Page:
The move is the last in a series of resignations across multiple crypto platforms struggling to stay afloat.
Last Week, Alex Mashinsky formally resigned from his position as CEO of the now-bankrupt crypto asset management firm Celsius. His resignation was taken into consideration effective immediately, although he remained director of the company, stating that the move would allow him to focus on guiding the Celsius community out of the difficult situation they found themselves in.
“I regret that my continued role as CEO has become an increasing distraction, and I am very sorry about the difficult financial circumstances members of our community are facing…I am committed to helping the Company continue to flesh out and promote that plan, in order to help account holders become whole.”
Both Founders Leave Celsius Behind
Now, another Celsius hotshot has turned in his letter of resignation. Daniel Leon – the co-founder and now former Chief Strategy Officer of Celsius – has stepped down, announcing his departure via an internal memo. The resignation was confirmed by an anonymous Celsius spokesperson to Bloomberg.
“We confirm that Daniel Leon resigned from his position at Celsius and is no longer part of the organization.”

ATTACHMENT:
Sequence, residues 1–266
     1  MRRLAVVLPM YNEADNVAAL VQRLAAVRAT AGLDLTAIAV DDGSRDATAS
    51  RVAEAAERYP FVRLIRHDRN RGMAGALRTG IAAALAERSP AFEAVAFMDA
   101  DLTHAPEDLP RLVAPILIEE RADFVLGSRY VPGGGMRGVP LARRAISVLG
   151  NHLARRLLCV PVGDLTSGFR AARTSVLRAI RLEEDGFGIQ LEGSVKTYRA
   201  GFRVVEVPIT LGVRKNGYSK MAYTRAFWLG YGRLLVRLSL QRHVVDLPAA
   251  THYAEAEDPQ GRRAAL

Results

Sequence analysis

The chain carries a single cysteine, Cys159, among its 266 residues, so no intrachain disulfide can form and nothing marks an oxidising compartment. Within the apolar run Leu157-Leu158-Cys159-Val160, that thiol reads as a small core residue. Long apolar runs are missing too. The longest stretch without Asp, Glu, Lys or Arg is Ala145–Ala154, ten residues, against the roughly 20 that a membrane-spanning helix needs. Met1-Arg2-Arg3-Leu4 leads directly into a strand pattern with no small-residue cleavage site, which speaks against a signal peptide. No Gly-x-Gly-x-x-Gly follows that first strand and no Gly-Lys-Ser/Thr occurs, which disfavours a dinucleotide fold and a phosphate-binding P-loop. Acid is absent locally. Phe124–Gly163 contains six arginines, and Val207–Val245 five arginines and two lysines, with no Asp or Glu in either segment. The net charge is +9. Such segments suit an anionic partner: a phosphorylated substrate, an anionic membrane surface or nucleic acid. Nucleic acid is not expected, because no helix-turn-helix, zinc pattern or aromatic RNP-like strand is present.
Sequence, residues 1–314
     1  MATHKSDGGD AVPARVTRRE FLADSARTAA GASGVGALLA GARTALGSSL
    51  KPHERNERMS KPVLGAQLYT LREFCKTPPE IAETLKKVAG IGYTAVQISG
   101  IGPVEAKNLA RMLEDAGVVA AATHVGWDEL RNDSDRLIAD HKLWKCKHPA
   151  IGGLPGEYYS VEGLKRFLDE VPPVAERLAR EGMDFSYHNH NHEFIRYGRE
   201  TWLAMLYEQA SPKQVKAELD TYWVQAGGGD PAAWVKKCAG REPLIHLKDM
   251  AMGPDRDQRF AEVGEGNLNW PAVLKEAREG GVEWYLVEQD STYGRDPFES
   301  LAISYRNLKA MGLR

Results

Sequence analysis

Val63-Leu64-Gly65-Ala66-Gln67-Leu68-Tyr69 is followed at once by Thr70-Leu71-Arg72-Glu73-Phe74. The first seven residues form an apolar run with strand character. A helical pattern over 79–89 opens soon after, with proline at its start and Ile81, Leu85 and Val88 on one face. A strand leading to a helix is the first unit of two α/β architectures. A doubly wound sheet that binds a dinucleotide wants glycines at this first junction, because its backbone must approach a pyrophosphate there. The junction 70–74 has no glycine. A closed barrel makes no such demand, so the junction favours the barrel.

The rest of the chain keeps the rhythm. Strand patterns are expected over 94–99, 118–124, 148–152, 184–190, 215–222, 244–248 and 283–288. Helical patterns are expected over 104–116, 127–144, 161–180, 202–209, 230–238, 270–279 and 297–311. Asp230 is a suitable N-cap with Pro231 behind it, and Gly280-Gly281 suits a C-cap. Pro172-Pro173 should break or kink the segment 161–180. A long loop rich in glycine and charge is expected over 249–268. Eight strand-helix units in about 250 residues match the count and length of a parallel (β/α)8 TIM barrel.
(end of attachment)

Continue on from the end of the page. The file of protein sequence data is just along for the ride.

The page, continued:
Last month, Leon had already filed a motion declaring his share of Celsius stocks worthless as a part of his case in U.S. Bankruptcy Court. According to the document, Leon was in possession of 32,600 common shares at the time the motion was filed. At the moment, it is unknown what bearing this document could have on the upcoming auction of Celsius assets that will start on the 17th of October, with a deadline for final bids set for the 20th.
Former Global Tax Director Steps In
Following Leon’s resignation, Celsius confirmed that his position will be filled by former Global Tax Director Lior Koren. He will be operating out of his home country of Israel and, along with Mashinsky, who remains in a leadership role at Celsius, for the time being, will have to deal with the fallout of having to administer the Chapter 11 bankruptcy proceedings aiming to clear up the $1.2 billion hole in Celsius’ pocketbook.
The auction of Celsius assets later this month will hopefully see clients recoup some of their lost funds – as the Celsius saga will likely set a precedent for other cases involving failed crypto asset management platforms and their creditors.